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Nucleosome distortion as a possible mechanism of transcription activation domain function

Overview of attention for article published in Epigenetics & Chromatin, September 2016
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About this Attention Score

  • In the top 25% of all research outputs scored by Altmetric
  • High Attention Score compared to outputs of the same age (81st percentile)

Mentioned by

twitter
18 tweeters

Citations

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17 Dimensions

Readers on

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39 Mendeley
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Title
Nucleosome distortion as a possible mechanism of transcription activation domain function
Published in
Epigenetics & Chromatin, September 2016
DOI 10.1186/s13072-016-0092-2
Pubmed ID
Authors

Tamara Y. Erkina, Alexandre M. Erkine

Abstract

After more than three decades since the discovery of transcription activation domains (ADs) in gene-specific activators, the mechanism of their function remains enigmatic. The widely accepted model of direct recruitment by ADs of co-activators and basal transcriptional machinery components, however, is not always compatible with the short size yet very high degree of sequence randomness and intrinsic structural disorder of natural and synthetic ADs. In this review, we formulate the basis for an alternative and complementary model, whereby sequence randomness and intrinsic structural disorder of ADs are necessary for transient distorting interactions with promoter nucleosomes, triggering promoter nucleosome translocation and subsequently gene activation.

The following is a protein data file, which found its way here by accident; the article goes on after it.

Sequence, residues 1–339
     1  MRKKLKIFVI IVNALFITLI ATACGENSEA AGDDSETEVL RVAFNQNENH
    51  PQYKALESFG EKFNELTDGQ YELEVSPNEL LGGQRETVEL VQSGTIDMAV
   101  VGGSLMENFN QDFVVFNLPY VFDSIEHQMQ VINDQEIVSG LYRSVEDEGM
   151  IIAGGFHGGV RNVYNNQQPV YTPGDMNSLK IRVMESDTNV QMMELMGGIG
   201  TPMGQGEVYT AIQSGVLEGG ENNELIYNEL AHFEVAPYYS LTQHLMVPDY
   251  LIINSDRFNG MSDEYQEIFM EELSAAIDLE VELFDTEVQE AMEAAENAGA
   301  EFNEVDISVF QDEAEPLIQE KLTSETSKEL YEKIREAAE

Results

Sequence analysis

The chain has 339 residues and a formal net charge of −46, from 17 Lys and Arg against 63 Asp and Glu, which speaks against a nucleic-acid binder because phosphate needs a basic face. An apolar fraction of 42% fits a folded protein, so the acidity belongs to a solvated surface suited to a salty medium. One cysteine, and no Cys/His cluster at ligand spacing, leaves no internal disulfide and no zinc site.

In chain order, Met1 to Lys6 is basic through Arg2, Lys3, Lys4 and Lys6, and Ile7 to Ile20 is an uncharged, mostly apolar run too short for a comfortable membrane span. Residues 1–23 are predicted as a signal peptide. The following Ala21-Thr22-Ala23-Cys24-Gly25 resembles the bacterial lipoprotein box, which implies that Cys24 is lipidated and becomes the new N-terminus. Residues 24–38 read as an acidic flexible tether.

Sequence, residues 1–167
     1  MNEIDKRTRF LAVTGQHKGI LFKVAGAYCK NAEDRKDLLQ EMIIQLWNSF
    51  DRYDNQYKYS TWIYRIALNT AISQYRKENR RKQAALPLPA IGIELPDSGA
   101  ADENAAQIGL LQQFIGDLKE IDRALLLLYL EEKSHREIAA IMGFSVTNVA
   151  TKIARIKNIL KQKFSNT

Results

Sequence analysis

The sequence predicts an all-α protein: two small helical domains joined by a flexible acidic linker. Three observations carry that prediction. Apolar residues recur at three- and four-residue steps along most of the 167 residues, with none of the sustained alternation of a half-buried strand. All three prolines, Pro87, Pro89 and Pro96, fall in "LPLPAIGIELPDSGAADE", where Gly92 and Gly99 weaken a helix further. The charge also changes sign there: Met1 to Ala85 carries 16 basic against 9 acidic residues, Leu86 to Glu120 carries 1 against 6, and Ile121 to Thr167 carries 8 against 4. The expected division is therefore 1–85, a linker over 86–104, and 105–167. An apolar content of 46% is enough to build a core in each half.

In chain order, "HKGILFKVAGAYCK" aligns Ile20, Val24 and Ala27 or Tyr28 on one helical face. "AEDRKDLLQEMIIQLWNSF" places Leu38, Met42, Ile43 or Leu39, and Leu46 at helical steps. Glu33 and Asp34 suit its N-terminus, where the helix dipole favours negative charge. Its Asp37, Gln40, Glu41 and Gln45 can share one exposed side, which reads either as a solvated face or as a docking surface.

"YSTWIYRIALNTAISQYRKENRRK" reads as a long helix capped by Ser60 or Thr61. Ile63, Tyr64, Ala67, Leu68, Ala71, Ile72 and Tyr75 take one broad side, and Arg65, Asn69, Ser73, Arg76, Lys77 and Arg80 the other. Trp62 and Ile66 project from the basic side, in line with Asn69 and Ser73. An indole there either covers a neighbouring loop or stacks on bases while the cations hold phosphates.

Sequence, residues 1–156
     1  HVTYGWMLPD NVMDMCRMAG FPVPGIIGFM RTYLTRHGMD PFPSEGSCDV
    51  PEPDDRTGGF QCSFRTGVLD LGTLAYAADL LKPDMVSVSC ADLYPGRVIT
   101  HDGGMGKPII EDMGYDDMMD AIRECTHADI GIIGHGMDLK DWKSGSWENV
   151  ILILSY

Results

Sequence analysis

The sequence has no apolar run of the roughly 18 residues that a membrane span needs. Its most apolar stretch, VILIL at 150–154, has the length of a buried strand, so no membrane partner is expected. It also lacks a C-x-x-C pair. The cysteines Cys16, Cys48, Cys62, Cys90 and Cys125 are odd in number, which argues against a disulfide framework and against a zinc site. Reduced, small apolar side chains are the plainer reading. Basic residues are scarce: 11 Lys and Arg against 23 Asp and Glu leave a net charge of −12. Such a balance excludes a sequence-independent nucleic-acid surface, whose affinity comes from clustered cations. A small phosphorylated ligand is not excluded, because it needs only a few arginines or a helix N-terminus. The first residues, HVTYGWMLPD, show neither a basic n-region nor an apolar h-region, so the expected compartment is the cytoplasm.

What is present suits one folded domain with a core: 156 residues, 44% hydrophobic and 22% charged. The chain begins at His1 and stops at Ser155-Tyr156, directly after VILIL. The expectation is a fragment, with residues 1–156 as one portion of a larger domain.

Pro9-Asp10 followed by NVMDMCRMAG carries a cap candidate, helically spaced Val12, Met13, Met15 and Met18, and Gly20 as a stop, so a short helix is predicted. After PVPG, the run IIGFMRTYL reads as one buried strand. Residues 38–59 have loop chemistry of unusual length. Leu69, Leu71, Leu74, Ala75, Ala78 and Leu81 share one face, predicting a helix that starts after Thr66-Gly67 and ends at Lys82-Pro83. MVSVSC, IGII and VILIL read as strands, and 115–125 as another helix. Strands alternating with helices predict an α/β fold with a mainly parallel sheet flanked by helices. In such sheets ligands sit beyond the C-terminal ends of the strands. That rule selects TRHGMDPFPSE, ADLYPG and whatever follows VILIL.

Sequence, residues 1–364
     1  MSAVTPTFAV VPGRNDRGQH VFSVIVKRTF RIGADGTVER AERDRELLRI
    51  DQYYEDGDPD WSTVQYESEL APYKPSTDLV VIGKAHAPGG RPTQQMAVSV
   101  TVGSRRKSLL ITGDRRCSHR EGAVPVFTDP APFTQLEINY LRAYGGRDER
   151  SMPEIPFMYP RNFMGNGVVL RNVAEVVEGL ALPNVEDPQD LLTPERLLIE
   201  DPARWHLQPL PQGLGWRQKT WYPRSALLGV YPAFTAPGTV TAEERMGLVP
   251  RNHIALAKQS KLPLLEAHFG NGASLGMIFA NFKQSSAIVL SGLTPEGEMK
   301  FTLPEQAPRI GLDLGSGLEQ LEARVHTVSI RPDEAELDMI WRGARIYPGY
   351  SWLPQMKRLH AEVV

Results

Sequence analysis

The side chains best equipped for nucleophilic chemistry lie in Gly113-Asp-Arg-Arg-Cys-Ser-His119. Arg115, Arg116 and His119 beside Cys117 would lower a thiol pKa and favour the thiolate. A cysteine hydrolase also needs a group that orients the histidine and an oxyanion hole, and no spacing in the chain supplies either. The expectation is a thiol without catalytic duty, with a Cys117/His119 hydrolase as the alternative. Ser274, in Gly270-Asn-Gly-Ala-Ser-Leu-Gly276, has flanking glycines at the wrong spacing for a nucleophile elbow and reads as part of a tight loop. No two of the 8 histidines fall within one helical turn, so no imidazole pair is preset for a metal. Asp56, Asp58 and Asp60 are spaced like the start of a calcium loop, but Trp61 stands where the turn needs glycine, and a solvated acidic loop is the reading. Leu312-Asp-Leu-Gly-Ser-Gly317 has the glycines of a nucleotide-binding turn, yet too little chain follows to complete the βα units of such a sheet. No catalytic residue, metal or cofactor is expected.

Twitter Demographics

The data shown below were collected from the profiles of 18 tweeters who shared this research output. Click here to find out more about how the information was compiled.

Mendeley readers

The data shown below were compiled from readership statistics for 39 Mendeley readers of this research output. Click here to see the associated Mendeley record.

Geographical breakdown

Country Count As %
Unknown 39 100%

Demographic breakdown

Readers by professional status Count As %
Student > Ph. D. Student 11 28%
Researcher 10 26%
Student > Master 4 10%
Student > Bachelor 3 8%
Student > Doctoral Student 3 8%
Other 2 5%
Unknown 6 15%
Readers by discipline Count As %
Biochemistry, Genetics and Molecular Biology 20 51%
Agricultural and Biological Sciences 10 26%
Arts and Humanities 1 3%
Economics, Econometrics and Finance 1 3%
Physics and Astronomy 1 3%
Other 1 3%
Unknown 5 13%

Attention Score in Context

This research output has an Altmetric Attention Score of 10. This is our high-level measure of the quality and quantity of online attention that it has received. This Attention Score, as well as the ranking and number of research outputs shown below, was calculated when the research output was last mentioned on 11 November 2016.
All research outputs
#2,175,919
of 16,257,150 outputs
Outputs from Epigenetics & Chromatin
#93
of 470 outputs
Outputs of similar age
#49,458
of 270,670 outputs
Outputs of similar age from Epigenetics & Chromatin
#1
of 1 outputs
Altmetric has tracked 16,257,150 research outputs across all sources so far. Compared to these this one has done well and is in the 86th percentile: it's in the top 25% of all research outputs ever tracked by Altmetric.
So far Altmetric has tracked 470 research outputs from this source. They typically receive a little more attention than average, with a mean Attention Score of 6.5. This one has done well, scoring higher than 79% of its peers.
Older research outputs will score higher simply because they've had more time to accumulate mentions. To account for age we can compare this Altmetric Attention Score to the 270,670 tracked outputs that were published within six weeks on either side of this one in any source. This one has done well, scoring higher than 81% of its contemporaries.
We're also able to compare this research output to 1 others from the same source and published within six weeks on either side of this one. This one has scored higher than all of them